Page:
- You are not under the boot of a corporation after your wallet. Upgrades and updates don't cost a fortune (nothing, actually.)
    - As a developer, this one is good for me: the server is part of the OS by default. You don't have to install WAMP or LAMP or tweak and fiddle to get a local web development environment, just put your stuff in /var/www/html or create virtual local hosts to emulate actual servers. For example, I have "tests.com" on my local environment and it never goes out to the web.
    - If you can't let go, a virtual machine will allow you to access Windows and sometimes Mac programs. A common option is a dual boot using Grub. If you really need to go back to that other OS, restart and load it up.

    The down side, which is not really a down side: there are learning curves to implement and tweak the OS and the programs that run on it. I say not really a down side because this learning curve can be exciting and dare I say fun at times. In some cases you're forced to learn how your OS and programs work, dig into code and get your hands dirty, and IMO that is always a good thing.
    Last edited by sdsurfer; 4 Weeks Ago at 03:48 PM. Reason: Forgot the server! LOL

  5. #5
    Join Date
    May 2013
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    Galiza
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    489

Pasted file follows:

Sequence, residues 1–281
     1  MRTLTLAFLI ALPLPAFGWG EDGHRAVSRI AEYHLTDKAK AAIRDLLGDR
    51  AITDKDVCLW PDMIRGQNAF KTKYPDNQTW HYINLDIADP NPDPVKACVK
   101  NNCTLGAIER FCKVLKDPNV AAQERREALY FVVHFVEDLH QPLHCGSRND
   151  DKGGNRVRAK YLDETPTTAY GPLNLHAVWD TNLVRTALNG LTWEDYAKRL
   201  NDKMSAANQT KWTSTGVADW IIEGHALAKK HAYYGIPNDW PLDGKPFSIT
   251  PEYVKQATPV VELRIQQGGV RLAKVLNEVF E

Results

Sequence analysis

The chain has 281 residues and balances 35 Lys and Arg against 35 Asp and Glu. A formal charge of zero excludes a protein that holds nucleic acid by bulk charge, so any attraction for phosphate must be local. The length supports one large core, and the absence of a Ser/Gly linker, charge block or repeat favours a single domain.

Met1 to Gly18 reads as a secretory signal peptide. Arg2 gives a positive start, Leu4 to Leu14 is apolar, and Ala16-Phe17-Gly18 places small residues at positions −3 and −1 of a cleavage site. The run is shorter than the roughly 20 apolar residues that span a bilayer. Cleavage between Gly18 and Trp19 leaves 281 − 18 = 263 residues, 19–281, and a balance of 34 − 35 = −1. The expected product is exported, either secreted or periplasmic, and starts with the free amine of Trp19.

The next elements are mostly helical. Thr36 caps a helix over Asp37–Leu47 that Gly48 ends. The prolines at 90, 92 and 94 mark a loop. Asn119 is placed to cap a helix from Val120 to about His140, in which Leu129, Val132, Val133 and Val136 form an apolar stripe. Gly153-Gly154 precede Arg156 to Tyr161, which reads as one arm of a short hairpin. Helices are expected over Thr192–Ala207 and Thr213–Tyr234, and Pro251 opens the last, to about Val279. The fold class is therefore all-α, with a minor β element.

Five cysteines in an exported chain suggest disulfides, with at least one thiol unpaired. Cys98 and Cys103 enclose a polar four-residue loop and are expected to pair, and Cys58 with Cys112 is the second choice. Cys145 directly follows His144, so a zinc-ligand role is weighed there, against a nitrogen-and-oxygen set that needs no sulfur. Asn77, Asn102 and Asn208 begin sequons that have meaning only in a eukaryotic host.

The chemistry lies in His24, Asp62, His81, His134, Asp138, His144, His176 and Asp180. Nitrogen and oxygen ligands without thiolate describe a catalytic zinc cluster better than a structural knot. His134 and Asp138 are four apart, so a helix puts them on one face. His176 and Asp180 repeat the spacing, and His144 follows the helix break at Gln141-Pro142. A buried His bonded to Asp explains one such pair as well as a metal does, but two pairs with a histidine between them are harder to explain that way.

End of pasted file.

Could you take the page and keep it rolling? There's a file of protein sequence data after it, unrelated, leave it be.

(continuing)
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    Ubuntu

    Re: what advantage will I have to install ubuntu over other OS?

    Quote Originally Posted by sdsurfer View Post
    The down side, which is not really a down side: there are learning curves to implement and tweak the OS and the programs that run on it. I say not really a down side because this learning curve can be exciting and dare I say fun at times. In some cases you're forced to learn how your OS and programs work, dig into code and get your hands dirty, and IMO that is always a good thing.
    Really really really NOT a downside.

    You weren't born knowing about the other OS, were you?
    No, at some point you had to learn about it as well. So, if you started with Ubuntu the required learning curve in the persent would be about any other OS .

    The problem is so many people were dumbed down by the other OS, the one with the biggest market share in desktops/laptops, to a point that they have an hard time understanding that that OS is not an intrinsic part of using a computer but merely one of thousands of options, most of them Linux based.

  6. #6
    Join Date
    Jan 2020
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    12

    Re: what advantage will I have to install ubuntu over other OS?

    Quote Originally Posted by guiverc View Post
    I suspect what you're asking could only be properly answered in an opus.